ADEM Warning: Madison Officials Looking for Solution

Madison City Engineer

Madison City Engineer

MADISON, Ala. (WHNT) — A warning from the Alabama Department of Environmental Management (ADEM) may have the City of Madison forking out hundreds of thousands of dollars soon. An audit shows Madison isn’t in compliance with regulations under the Clean Water Act.

Unfortunately, city leaders say it’s a lack of communication between the City of Madison, the City of Huntsville, and ADEM.  “We were originally lumped into the Huntsville permit which puts us into a large municipality criteria” said Gary Chynoweth, Director of Engineering for the City of Madison.

Chynoweth told WHNT News 19 that ADEM removed Madison from Huntsville umbrella in 2008. However, he doesn’t have any record of it.

“There is not a problem with pollution, there is a problem with us proving we don’t have pollution,” he said.

Chynoweth said Madison wants to drop to a less strict level for smaller cities, but because it used to be in connection with Huntsville, it’s not an option. “What they’re asking us to mimic is the City of Montgomery,” he said. “Of course their criteria and requirements are much more than ours.”

So, where do they go from here? Madison has to create a program that will prove they are proactive about keeping streams clean and free from pollution. “Things as simple as street sweeping, but for a city like Madison, if you sweep the streets twice a year, that’s $50,000. That’s a mile of road I could resurface so we’re having to juggle finances,” he said.

“We’ve got to negotiate middle ground where we come up with a plan that they approve that shows we are looking after the city, documenting it correctly, and doing it at a cost that we can afford, and that’s going to be the big issue,” said Chynoweth.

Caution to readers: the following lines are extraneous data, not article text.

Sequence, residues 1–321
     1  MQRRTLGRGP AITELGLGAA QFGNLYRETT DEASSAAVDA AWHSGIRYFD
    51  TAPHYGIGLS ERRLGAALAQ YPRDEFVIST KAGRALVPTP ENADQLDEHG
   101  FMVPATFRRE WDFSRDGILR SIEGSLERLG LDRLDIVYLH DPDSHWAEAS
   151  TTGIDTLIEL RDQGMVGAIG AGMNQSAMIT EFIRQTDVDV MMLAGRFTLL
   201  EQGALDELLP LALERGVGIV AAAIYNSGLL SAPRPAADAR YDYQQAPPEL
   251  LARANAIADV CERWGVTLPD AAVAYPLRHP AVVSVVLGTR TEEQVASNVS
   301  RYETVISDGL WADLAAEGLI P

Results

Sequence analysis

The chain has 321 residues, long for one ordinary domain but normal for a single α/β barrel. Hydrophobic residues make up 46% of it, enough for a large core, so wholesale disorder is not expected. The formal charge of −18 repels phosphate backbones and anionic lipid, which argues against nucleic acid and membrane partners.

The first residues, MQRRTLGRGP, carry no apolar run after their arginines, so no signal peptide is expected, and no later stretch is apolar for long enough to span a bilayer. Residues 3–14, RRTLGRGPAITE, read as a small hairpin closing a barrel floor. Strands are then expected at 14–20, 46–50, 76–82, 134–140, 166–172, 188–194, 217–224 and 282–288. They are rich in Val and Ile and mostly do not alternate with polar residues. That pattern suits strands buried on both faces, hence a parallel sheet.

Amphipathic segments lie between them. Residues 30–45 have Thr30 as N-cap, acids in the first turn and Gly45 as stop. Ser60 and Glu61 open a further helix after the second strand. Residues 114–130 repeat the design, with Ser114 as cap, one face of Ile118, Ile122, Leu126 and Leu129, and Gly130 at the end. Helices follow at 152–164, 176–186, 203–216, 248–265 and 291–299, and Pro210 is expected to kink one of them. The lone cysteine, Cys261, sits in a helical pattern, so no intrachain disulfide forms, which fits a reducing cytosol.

Chynoweth said he thinks it will be about $400,000 for the City of Madison to implement a plan. He said that will be based on what comes out of negotiations with ADEM. The City is also looking into possibly hiring a new position with the Engineering Department to keep track of all Clean Water Act records.

5 comments

  • Phil

    My neighborhood has never seen no new street paving in years, Where is our tax dollars going Madison City Mayor? The only new street pavement I have seen in Madison lately,are in front of those million dollar developments and the developer pays for that. Take Sullivan street, like driving over a wash board for years. Still, no new paving planned there either! Someone is taking my tax money and pocketing it????

    • MadaboutMadison

      You have no idea how corrupt this city is. The entire place is a house of cards and if there is any fairness it will collapse around them.

  • Jim

    I have to disagree with Gary Chynoweth, Director of Engineering for the City of Madison. He stated “There is not a problem with pollution, there is a problem with us proving we don’t have pollution”. What is being complained about stems from an historic lack of enforcement by ADEM’s Decatur office. The powers-that-be are just now being forced to “get tough” with politically connected developers who have managed to delay enforcement of the Federal Clean Water Act. ADEM has historically been lax on enforcement because it was State Senators that were breaking the law and that was ignored. If they were not held to the law standards, how could the developer across the street be? This attitude of non-enforcement continued until no one had to follow the law. North Alabama is now having to catch up with the rest of Alabama.
    Keep in mind that when we have a lot of something, we give it a low value. Alabama has always had a lot of clean fresh-water. It seemed like a never-ending supply, but that is not true. If we pollute water running through one city, others downstream will have to deal with the repercussions of what we did to THEIR WATER when it reaches them. There is a cost to the downstream communities that is becoming clear. Shouldn’t it be the responsibility of those that pollute the water to clean it up? That is what we are finally being recognized. North Alabama must be financially responsible for its pollution of water flowing through the area. It is a fair and just cost for protection of our fresh water supply. How would you react if YOUR WATER came to you already polluted and Madison had the cost of cleaning it up so residents has drinking water? Fairness is what this is, not government forcing something on you.

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